National Indigenous People’s Day festivities in Nazko included horseback rides. (Submitted photo)

National Indigenous People’s Day festivities in Nazko included horseback rides. (Submitted photo)

Nazko hosts first Indigenous Peoples Day celebrations

Chief Leah Stump said COVID-19 and residential school discoveries made hosting a necessity

It was a day of celebration and healing in the traditional territory of the Nazko First Nation on June 21. The nation was celebrating Indigenous Peoples Day inside their borders for the first time.

Chief Leah Stump said the nation usually joins in celebrations in Quesnel, but with COVID-19 restrictions, held their own celebration instead.

“Our community has had the second vaccine already, I think we’re pretty safe because we’re a close-knit community,” Stump said.

Live music, horseback rides for kids and adults, and food given out in the style of vendors marked the celebrations, which took on a more sombre tone, as more unmarked graves are discovered at former residential school sites across Canada.

READ MORE: 751 unmarked graves at Saskatchewan residential school: First Nation

“Because of everything going on with residential schools, we thought our community needed to get together and have food together and sit together and talk,” Stump said. “We had (the celebrations) in Nazko this year for our community to get together and heal.”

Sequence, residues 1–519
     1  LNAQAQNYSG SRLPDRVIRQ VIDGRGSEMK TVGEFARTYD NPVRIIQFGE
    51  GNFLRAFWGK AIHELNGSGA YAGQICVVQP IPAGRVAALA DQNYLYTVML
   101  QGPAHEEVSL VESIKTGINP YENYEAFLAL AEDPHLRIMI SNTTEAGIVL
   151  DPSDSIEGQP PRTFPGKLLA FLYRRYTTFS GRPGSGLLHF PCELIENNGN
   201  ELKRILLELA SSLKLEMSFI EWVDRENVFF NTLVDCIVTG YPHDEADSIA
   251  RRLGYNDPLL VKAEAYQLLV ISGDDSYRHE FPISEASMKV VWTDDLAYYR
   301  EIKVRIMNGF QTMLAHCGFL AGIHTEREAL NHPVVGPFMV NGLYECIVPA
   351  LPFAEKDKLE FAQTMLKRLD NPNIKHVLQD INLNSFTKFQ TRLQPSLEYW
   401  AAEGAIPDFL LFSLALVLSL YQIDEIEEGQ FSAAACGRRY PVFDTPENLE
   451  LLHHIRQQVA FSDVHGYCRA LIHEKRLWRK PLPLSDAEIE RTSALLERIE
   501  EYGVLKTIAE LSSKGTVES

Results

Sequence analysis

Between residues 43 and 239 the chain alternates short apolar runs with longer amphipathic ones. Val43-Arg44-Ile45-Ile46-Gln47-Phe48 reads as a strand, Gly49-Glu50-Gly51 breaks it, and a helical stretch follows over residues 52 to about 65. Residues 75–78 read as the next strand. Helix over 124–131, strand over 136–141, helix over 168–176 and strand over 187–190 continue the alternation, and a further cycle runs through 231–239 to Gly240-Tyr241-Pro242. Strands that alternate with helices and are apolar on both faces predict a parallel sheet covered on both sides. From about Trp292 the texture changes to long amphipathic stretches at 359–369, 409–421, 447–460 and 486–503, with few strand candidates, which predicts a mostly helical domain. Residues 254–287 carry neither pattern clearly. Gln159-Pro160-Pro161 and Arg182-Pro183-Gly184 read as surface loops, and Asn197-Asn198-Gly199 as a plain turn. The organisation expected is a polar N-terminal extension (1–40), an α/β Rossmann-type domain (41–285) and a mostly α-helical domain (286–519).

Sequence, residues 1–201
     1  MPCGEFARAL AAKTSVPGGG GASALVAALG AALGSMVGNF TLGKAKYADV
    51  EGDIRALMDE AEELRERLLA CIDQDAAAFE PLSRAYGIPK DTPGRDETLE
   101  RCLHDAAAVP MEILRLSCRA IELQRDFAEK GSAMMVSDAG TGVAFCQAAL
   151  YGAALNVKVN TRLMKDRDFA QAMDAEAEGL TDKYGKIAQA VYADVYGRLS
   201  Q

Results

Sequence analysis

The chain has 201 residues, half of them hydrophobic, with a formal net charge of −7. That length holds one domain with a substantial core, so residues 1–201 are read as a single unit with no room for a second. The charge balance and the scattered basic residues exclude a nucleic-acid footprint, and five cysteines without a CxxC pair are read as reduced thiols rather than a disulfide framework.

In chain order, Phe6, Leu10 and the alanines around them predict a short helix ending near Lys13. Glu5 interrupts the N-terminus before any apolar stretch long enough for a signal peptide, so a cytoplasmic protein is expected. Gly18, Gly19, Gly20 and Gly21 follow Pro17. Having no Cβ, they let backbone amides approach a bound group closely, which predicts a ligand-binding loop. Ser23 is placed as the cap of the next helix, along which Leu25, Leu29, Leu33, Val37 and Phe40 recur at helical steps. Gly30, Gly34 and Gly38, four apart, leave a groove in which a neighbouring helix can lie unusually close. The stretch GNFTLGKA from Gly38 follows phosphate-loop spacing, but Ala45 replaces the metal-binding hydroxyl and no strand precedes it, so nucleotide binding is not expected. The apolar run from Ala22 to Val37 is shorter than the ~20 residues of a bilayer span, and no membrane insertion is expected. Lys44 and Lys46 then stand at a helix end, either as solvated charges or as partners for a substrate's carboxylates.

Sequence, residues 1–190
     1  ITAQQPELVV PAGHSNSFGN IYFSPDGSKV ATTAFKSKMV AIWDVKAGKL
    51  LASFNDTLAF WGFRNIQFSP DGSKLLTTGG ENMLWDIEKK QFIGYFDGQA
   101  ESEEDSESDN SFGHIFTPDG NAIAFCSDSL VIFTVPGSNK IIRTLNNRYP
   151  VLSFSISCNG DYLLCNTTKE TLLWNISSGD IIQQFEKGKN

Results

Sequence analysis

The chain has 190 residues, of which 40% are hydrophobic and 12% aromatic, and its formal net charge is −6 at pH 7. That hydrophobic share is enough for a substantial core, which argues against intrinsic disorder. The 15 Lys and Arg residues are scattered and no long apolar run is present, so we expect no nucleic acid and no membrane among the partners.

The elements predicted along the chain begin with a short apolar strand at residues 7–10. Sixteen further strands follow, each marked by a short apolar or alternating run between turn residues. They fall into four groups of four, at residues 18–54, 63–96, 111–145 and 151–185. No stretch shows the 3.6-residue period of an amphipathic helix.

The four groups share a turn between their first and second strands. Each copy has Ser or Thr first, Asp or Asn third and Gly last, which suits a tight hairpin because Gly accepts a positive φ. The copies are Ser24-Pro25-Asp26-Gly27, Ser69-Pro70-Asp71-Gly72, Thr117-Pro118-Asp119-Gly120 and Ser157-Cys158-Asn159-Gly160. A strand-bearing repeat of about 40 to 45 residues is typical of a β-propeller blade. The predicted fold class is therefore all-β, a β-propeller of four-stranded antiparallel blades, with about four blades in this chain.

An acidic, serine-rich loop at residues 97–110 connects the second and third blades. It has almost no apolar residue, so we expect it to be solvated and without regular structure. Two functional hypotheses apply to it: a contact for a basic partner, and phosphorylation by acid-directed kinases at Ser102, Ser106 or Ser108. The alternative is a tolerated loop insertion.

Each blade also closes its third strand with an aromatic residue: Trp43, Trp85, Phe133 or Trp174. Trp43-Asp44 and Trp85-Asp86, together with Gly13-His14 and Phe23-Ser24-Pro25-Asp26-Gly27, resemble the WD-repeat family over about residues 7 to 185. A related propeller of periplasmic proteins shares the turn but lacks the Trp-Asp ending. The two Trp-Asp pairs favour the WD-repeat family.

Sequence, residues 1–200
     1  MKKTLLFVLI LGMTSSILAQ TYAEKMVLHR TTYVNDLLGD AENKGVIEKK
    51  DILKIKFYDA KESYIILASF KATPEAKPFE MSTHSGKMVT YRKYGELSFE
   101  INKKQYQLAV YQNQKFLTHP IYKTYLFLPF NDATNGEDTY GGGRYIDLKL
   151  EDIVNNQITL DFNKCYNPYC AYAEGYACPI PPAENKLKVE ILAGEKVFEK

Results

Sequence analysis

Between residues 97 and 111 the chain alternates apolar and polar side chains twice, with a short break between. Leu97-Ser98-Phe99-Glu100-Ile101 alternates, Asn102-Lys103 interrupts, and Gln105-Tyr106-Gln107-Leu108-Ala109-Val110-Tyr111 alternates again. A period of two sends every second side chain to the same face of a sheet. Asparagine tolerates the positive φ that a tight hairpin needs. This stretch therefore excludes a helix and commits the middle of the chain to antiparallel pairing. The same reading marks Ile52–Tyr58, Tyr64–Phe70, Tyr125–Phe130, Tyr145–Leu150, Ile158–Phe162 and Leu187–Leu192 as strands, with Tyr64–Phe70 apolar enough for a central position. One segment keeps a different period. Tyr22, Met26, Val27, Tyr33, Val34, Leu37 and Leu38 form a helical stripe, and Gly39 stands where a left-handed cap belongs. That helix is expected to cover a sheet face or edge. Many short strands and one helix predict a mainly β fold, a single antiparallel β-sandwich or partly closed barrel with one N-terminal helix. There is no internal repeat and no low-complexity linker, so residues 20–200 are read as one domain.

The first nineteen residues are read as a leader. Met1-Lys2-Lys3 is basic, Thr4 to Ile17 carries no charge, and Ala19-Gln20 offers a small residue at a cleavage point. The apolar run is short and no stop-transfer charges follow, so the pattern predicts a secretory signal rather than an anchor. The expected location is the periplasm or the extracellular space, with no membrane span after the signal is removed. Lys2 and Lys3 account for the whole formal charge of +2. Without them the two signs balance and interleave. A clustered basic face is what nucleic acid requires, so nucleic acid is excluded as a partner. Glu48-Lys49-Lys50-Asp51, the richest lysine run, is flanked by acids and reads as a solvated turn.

The day’s events began with a drum song, prayer and smudging in honour of the children discovered.

“This is leading into the next month of our healing journey,” Stump said. “We know it’s going to be long. The residential school my community attended in Williams Lake has yet to be investigated.”

Indigenous Peoples Day celebrations will be followed up by four days of mourning and healing from July 5 – 8, and a culture camp from July 22 – 29.

READ MORE: Community marches in Nazko to honour, remember MMIWG

Do you have something to add to this story, or something else we should report on? Email: cassidy.dankochik@quesnelobserver.com


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